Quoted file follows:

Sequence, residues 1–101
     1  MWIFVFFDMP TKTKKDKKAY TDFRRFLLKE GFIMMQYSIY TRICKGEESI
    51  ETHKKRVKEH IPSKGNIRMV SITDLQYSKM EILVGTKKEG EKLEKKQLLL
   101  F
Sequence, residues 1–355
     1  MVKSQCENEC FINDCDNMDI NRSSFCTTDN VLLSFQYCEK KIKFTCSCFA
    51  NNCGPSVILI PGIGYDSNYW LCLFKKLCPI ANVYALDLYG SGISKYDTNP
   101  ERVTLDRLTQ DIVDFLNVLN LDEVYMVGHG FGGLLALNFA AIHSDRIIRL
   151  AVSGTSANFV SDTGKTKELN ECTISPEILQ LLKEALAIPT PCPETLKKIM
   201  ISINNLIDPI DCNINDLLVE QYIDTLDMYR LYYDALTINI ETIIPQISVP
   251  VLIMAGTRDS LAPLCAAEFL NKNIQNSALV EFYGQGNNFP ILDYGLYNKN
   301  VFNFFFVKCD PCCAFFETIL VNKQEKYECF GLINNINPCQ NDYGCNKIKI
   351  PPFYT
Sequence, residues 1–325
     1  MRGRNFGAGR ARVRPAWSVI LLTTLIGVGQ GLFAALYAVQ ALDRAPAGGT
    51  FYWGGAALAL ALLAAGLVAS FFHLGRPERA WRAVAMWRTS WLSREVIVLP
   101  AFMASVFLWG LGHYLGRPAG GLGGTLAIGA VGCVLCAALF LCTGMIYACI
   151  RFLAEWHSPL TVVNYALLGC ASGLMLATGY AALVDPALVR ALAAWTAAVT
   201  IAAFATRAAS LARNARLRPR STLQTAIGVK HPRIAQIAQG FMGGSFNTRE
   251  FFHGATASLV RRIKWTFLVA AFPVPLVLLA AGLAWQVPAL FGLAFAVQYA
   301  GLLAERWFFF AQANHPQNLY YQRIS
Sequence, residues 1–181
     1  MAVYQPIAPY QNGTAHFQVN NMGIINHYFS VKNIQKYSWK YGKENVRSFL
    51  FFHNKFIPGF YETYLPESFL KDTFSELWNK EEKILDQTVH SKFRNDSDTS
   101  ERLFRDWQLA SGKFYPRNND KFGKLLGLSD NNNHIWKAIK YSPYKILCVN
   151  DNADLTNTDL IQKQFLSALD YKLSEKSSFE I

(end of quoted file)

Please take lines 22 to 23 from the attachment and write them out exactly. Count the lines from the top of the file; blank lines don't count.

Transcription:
Sequence, residues 1–181
     1  MAVYQPIAPY QNGTAHFQVN NMGIINHYFS VKNIQKYSWK YGKENVRSFL